Misquoting Jesus: The Story Behind Who Changed The Bible And Why

Misquoting Jesus: The Story Behind Who Changed the Bible and Why – Kindle edition by Ehrman, Bart D. Religion & Spirituality Kindle eBooks @ Amazon.com.

While researching the Bible in its original languages, world-renowned biblical scholar Bart Ehrman was taken aback by the number of errors and deliberate revisions that had been introduced by previous translations. In Misquoting Jesus, Ehrman explains the tale of the faults and alterations that ancient scribes made to the New Testament, and he demonstrates the significant influence that these mistakes and changes had on the Bible that we now use. A personal perspective on how his study of the Greek manuscripts led him to reject his earlier ultraconservative beliefs on the Bible serves as the framework for his tale.

In spite of this, these manuscripts were manually copied by scribes who were profoundly impacted by the cultural, religious, and political debates of their day for almost fifteen hundred years, until the advent of the printing press.

This is the first time that Ehrman has explained where and why these modifications occurred in the New Testament, and how academics go about re-creating the New Testament in its most original form as nearly as they can.

Misquoting Jesus: The Story Behind Who Changed the Bible and Why

In his early research into the Bible’s original languages, world-renowned biblical scholar Bart Ehrman was astounded to discover the large number of blunders and purposeful adjustments that had been made by earlier translators. Using the New Testament as a case study, Ehrman explains the history of the errors and alterations that ancient scribes made to the text, as well as the significant influence these changes had on the Bible that we use today. A personal perspective on how his study of the Greek manuscripts led him to renounce his formerly ultraconservative beliefs on the Bible serves as the framework for his tale.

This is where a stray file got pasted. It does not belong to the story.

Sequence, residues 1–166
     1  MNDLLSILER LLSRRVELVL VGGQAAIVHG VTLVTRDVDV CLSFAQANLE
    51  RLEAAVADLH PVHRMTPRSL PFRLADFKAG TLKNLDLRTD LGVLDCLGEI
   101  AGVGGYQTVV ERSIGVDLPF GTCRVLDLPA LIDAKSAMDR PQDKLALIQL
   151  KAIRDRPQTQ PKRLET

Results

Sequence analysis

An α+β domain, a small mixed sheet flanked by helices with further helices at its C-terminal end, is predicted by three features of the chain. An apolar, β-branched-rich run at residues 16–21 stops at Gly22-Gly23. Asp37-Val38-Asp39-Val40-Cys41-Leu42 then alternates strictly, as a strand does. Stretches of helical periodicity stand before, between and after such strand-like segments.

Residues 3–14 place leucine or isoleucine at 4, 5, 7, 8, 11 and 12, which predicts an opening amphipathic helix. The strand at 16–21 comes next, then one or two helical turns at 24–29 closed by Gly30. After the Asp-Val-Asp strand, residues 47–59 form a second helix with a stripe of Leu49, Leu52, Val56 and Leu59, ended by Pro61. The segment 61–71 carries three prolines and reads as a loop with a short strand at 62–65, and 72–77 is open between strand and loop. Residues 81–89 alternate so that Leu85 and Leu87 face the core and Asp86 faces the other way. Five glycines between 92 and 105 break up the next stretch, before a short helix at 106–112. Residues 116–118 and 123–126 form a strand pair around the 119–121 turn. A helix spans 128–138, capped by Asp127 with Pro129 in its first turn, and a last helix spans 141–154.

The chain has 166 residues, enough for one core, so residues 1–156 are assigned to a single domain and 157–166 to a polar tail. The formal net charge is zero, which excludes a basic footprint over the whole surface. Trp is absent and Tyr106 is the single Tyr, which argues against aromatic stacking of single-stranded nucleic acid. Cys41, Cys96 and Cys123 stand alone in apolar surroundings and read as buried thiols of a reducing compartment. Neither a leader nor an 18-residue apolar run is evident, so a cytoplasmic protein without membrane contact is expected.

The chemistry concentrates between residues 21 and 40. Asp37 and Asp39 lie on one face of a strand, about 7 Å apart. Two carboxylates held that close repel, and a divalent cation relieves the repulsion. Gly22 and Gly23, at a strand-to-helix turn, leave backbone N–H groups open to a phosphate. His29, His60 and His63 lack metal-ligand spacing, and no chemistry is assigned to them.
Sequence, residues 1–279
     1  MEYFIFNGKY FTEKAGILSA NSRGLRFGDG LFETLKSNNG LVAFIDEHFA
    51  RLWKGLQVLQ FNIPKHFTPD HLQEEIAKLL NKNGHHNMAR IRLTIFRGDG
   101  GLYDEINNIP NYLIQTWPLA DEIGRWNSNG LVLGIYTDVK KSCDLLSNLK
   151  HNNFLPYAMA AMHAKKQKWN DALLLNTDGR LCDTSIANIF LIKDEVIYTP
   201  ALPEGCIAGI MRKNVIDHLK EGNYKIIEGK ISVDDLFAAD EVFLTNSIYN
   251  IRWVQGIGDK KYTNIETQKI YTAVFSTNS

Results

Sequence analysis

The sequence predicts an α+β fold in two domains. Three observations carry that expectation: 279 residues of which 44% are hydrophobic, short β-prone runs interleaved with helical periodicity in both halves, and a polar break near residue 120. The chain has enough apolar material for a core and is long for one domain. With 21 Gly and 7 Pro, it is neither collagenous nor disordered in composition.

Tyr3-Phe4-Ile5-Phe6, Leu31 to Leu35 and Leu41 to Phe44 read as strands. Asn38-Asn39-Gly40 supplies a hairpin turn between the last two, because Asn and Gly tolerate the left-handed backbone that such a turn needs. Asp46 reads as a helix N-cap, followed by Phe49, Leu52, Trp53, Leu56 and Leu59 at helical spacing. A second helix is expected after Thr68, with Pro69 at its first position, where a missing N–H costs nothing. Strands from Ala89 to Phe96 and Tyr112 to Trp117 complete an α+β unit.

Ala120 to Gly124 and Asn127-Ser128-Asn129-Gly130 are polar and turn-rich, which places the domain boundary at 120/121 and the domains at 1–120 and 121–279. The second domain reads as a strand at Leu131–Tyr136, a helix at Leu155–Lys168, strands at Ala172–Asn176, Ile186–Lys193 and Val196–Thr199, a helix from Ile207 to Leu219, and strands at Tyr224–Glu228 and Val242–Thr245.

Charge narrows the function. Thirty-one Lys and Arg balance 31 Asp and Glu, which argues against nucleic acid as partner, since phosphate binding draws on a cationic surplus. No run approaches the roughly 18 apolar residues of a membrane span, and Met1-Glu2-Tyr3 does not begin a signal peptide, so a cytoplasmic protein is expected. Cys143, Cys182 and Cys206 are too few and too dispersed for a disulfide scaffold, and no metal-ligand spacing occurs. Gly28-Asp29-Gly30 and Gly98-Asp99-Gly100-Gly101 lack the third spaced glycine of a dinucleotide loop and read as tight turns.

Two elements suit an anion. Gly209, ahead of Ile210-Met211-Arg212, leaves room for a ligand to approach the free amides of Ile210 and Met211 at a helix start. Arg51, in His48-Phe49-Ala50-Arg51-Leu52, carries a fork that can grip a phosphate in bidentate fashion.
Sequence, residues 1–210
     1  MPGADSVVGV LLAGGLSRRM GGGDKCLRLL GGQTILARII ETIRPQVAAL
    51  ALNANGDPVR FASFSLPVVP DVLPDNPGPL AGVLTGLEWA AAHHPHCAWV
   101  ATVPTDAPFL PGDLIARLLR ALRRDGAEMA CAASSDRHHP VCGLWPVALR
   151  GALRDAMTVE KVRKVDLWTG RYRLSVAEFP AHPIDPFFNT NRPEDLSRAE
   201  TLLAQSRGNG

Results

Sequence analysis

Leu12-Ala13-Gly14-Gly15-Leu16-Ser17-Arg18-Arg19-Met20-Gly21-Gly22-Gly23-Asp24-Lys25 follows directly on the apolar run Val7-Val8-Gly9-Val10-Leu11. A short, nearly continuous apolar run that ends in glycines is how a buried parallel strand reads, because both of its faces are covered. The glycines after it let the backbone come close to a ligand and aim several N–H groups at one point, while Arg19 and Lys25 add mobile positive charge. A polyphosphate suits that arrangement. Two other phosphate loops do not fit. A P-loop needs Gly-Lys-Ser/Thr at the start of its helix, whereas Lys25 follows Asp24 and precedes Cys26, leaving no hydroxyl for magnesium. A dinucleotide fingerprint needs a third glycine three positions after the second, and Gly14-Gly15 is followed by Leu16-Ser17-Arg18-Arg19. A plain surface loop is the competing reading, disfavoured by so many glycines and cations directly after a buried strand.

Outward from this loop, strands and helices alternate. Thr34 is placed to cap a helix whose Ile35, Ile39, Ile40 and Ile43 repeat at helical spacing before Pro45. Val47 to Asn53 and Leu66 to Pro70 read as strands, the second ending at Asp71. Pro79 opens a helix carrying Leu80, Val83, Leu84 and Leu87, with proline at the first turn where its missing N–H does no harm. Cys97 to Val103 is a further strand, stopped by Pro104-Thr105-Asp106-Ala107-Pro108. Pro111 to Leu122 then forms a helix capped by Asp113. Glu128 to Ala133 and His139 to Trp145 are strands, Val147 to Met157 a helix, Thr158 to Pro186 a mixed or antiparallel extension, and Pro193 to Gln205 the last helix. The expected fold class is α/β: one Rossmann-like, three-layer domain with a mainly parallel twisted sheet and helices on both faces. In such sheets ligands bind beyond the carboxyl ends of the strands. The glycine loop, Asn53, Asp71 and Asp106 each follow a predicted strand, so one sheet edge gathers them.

Although these manuscripts were hand written for than fifteen hundred years by scribes who were highly affected by the cultural, religious, and political debates of their day, they are now considered to be among the world’s most important historical documents.

This is the first time that Ehrman has explained where and why these modifications occurred in the New Testament, and how academics go about re-creating the New Testament in its most original form as nearly as they possibly can.

Misquoting Jesus: The Story Behind Who Changed the Bible and Why

HarperOne is the publisher. The date of publication is November 1, 2005. English is the language of instruction. ISBN-10: 0060738170 Hardcover with 256 pages of text. The following are the dimensions: 6 x 0.89 x 9 inches

FROM LIBRARY JOURNAL

HarperOne is the publishing house. First published on November 1st, 2005 0060738170 ISBN: 0060738170 Language: English Hardcover with 256 pages of content. The following are the dimensions: 6 x 0.89 x 9.

FROM BOOKLIST

Editor in Chief: HarperOne Date of publication: November 1, 2005 Language: English ISSN: 0060738170 ISBN-13: 0060738170 Hardcover with 256 pages of text 6 x 0.89 x 9 inches in size

ProgressiveChristianity.org : Misquoting Jesus: The Story Behind Who Changed the Bible and Why